England and Manchester City goalkeeper Karen Bardsley will retire at the end of the season after a 13-year career at the top of women’s football.
The 37-year-old has 81 England caps, while winning eight major trophies with City, including her first Women’s Super League title.
However, Bardsley has struggled to gain playing time. since he injured his hamstring at the 2019 World Cup.
“Ultimately, I want people to know that I always gave my best,” he said.
Bardsley’s last league game for City was against Aston Villa in January 2021.
“When your body doesn’t match what your mind wants to do, it’s frustrating,” he told BBC Sport.
“The risk outweighed the rewards in terms of life after football. If I had to go through another surgery like the ones I’ve been through, I don’t think it would be good for me, physically or psychologically.”
“[Retirement] it was hard to accept. If she had had this conversation a few years ago, she would be crying, unable to utter a word.
“I always tried to be the best leader and goalkeeper I could be.”
Bardsley played in three World Cups and two European Championships for England, win the SheBelieves Cup in 2019.
He also played in the 2012 London Olympics with Team GB, who lost 2-0 in the quarterfinals to Canada.
Bardsley has been at Manchester City since 2014, winning a Women’s Super League title in 2016, three FA Cups and four League Cups.
“One of the most significant experiences of my life was win the League Cup final in my first season with Manchester City,” he said.
“We were a group of heterogeneous girls who got together. Nobody expected anything from us.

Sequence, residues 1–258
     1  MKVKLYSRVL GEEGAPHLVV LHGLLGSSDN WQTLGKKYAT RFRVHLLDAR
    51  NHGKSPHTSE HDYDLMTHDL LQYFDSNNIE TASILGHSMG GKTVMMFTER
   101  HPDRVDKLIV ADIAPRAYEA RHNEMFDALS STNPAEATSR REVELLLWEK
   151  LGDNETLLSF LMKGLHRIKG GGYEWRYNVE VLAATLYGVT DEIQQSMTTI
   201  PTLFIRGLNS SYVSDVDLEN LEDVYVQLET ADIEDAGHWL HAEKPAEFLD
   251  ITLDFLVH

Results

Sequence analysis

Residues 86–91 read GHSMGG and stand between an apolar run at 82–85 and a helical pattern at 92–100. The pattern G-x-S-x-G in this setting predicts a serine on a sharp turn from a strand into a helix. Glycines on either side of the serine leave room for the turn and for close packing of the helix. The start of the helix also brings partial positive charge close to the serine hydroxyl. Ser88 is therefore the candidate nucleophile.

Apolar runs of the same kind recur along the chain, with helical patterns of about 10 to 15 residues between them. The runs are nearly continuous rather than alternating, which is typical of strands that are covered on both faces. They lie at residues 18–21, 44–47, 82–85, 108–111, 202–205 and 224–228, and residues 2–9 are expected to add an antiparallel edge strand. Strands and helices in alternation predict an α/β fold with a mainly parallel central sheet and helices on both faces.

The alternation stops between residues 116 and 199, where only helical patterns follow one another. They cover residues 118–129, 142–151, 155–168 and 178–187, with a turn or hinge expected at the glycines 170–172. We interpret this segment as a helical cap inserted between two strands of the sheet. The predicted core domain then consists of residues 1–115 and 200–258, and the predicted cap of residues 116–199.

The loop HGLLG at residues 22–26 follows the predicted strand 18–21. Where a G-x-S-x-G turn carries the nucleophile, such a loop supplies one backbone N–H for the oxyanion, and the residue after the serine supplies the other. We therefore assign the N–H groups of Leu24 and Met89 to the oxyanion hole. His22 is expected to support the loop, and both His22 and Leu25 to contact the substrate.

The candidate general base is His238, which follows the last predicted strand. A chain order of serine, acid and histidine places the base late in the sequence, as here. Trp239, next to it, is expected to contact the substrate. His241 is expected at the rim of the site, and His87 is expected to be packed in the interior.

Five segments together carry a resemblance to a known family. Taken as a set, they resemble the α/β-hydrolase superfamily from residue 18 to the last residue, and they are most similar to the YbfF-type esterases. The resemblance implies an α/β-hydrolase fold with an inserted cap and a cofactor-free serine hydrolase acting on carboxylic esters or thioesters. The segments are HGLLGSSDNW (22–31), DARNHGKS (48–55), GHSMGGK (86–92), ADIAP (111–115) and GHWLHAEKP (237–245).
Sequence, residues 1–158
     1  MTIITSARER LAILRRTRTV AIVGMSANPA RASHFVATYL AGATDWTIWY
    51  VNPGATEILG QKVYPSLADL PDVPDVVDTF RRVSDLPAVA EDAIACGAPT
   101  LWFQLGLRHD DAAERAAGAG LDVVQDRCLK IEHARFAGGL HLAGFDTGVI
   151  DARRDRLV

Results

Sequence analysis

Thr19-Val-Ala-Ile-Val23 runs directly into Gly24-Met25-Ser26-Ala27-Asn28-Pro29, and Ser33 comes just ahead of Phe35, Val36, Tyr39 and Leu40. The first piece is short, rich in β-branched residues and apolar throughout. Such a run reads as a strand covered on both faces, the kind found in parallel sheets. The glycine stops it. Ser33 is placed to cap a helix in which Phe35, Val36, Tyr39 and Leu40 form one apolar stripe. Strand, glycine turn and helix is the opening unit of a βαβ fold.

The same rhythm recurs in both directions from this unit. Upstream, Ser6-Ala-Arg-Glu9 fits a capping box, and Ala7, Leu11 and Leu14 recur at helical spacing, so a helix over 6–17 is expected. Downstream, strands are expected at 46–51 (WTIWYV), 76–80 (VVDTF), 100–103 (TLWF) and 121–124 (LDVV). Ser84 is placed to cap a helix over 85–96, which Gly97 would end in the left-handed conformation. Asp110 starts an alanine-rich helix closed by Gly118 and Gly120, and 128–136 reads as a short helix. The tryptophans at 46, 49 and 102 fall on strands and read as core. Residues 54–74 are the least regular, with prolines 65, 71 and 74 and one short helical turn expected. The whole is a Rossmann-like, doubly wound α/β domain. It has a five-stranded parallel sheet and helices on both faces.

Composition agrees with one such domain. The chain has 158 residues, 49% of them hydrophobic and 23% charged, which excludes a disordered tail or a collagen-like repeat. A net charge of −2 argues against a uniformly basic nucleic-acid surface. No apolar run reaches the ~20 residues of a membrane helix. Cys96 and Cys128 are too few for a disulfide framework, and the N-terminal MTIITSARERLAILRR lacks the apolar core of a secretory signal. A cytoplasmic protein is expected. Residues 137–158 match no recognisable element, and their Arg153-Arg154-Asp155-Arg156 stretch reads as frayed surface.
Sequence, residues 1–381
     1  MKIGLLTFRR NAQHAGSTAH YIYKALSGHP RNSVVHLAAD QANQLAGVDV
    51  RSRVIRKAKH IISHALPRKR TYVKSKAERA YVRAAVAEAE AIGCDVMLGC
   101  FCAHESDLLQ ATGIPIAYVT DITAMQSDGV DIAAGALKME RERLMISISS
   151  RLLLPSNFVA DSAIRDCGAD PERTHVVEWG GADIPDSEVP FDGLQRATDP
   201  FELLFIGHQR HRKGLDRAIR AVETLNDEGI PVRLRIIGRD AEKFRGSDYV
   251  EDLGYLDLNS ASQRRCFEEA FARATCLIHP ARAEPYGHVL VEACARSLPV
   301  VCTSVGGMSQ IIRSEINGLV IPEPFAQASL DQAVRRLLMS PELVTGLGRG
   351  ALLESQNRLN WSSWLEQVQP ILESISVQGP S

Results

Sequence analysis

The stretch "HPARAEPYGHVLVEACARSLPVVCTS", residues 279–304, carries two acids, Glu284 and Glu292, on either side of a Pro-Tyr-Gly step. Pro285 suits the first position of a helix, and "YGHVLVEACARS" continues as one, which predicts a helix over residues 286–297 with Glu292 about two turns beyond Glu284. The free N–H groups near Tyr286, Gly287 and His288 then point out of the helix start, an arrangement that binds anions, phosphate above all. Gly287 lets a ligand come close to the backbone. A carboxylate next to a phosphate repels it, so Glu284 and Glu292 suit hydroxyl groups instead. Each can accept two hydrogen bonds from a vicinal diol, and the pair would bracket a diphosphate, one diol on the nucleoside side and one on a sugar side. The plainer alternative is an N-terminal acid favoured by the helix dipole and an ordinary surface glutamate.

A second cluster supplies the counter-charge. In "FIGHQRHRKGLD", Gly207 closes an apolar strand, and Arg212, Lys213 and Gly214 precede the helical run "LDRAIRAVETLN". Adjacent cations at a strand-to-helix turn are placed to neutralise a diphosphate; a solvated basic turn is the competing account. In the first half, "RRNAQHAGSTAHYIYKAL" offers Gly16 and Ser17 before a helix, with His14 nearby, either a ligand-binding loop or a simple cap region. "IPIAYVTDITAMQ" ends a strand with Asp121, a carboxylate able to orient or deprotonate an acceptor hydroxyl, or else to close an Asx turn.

“We all came together as a group and I just remember that first goal coming on, a header from Izzy Christiansen, I just couldn’t believe it was happening.
“It cemented everything we wanted to see happen. It was a very good start to the club’s history.”
‘We haven’t always had the respect we deserve’
The American-born goalkeeper also said she was proud to be part of an England team to “break down some historic barriers”, including reach the semi-final of the World Cup in 2019.
“Ultimately, it’s an honor to be part of a community of incredibly talented female athletes who have persevered through situations where they really haven’t been given the respect they deserve,” added Bardsley.
“We’ve built and built, and now we’re in a place where young girls can join a grassroots football club and aspire to be a Lioness or a professional footballer.”
Bardsley began his career in 2009 with US side Sky Blue FC, before spending time in Sweden with Linkopings. She then moved to the WSL Lincoln City Ladies side, now Notts County, in 2013 before switching to City.
After spending the last season on loan at US side OL Reign, signed a one-year contract extension with City in July.
Bardsley is already looking to the next stage of her career and wants to use her experience to help increase girls’ participation in football and build on the legacy of this summer’s European Championship in England.
She added: “What really excites me, what really drives me, is giving people the best possible opportunity to develop their potential, whether it’s in football or in another environment.
“I’m really looking forward to giving back to football and the goalkeeping community in particular. There are a lot of things I would do differently if I were a young goalkeeper, with the knowledge that I have now.”